Table 5 shows resource utilization and cost estimation (mean/unit/year) according to AD response. Patients with an inadequate AD response presented higher mean number of visits/year (16.8 vs 11.1; p < 0.001) and days of work disability (20.2 versus 12.8 days; p < 0.001) compared with patients achieving remission. Total annual gross cost of patients demanding care during the 12 months of follow-up amounted to 4.3 million Euros. Healthcare (direct) costs and costs derived from work productivity losses (non-healthcare, indirect costs) represented 32.7% and 67.3% of total costs, respectively (p < 0.001). Medical visits accounted for 16.3%, drugs prescribed for 15.6%, and diagnostic tests for 0.8%. Mean cost per patient of gross direct costs by remission status (absence/presence) was 857.2 versus 443.2 Euros, p < 0,001. In the adjusted model, total costs were 2,668.1 Euros (95%CI: 2,346.9-2,989.2) versus 1,442.6 Euros (95%CI: 1,180.9-1,704.2), respectively; p < 0.001. Costs from work productivity losses were 1,842.0 versus 991.4 Euros, and healthcare (direct) costs were 826.1 versus 451.2 Euros, respectively; p < 0.001. These differences persisted in all cost components (gross and adjusted).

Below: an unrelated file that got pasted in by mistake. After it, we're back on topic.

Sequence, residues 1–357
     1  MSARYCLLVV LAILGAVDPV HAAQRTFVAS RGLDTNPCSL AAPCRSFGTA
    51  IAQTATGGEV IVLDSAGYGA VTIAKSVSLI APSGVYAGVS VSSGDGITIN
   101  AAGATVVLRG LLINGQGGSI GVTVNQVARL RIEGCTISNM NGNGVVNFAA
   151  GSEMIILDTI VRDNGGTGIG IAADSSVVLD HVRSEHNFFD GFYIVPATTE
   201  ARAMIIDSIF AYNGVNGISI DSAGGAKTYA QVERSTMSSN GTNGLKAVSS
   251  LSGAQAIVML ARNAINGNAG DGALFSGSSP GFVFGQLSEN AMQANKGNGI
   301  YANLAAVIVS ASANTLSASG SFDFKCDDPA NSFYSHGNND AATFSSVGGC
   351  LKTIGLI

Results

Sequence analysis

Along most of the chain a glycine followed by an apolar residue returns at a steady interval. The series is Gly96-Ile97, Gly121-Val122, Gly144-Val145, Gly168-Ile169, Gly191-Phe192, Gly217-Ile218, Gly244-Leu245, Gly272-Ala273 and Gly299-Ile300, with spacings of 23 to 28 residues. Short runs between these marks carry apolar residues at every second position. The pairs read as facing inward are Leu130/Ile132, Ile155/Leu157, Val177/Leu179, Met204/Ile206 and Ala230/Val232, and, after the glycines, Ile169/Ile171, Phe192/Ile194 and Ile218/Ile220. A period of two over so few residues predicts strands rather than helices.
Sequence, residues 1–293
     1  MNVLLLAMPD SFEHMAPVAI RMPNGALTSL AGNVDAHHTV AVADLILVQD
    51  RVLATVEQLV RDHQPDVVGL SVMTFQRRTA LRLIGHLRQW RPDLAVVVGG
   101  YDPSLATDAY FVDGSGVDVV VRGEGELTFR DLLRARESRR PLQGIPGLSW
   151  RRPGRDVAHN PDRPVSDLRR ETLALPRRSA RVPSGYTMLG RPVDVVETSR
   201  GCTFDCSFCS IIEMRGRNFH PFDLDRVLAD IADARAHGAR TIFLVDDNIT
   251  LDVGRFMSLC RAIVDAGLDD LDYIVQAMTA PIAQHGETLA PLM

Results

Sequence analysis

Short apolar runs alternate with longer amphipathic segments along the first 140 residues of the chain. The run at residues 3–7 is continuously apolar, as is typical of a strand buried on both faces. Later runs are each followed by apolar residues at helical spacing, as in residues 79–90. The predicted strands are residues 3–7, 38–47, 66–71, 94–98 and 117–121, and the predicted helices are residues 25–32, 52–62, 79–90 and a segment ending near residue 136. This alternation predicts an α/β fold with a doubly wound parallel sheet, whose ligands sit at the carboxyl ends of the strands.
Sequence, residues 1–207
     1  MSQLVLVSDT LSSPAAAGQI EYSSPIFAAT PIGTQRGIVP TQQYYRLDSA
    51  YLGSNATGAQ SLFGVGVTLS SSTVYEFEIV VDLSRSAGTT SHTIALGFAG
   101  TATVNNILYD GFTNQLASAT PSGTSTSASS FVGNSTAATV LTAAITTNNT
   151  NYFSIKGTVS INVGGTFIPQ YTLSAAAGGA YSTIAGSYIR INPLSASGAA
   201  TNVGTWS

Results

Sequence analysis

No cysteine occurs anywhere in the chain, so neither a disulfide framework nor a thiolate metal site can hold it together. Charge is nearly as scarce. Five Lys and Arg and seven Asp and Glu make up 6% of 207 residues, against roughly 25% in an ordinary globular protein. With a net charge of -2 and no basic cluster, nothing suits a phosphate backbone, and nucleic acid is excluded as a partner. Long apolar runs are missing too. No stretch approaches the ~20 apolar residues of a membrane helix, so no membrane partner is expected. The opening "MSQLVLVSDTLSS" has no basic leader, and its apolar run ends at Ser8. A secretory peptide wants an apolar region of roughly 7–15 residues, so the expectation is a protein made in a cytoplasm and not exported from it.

Table 5

Use of resources and total cost

Groups

Inadequate response

Remission

Total

P value

Number of patients, %

N = 965 (42.7%)

N = 1,295 (57.3%)

N = 2,260 (100%)

Use of resources

    

Medical visits

16.8 (9.1)

11.1 (8.2)

13.6 (8.9)

<0.001

Laboratory tests:

0.6 (0.8)

0.5 (0.7)

0.5 (0.8)

<0.001

Supplemental tests

0.1 (0.4)

0.1 (0.3)

0.1 (0.3)

NS

Referrals

0.2 (0.4)

0.1 (0.4)

0.2 (0.4)

0.005

Work productivity losses (days)

20.2 (63.7)

12.8 (45.5)

16.1 (54.2)

0.001

Uncorrected cost model (Euros)

    

- Healthcare costs

857.2

443.2

620.0

<0.001

Medical visits

383.9

253.7

309.3

<0.001

Laboratory tests:

15.0

10.3

12.3

<0.001

Supplemental tests

4.3

2.2

3.1

<0.001

Drugs

453.9

177.1

295.3

<0.001

- Non-healthcare costs (productivity)

1,615.3

1,021.5

1,275.1

0.001

Total cost

2,472.5

1,464.8

1,895.0

<0.001

Corrected cost model (Euros)*

  

Difference

 

Healthcare costs

826.1

451.2

374.85

<0.001

95% CI

798.5 - 853.5

428.8 - 473.6

  

Non-healthcare costs (productivity)

1,842.0

991.4

850.64

<0.001

95% CI

1,525.7 - 2,158.3

733.6 - 1249.1

  

Total cost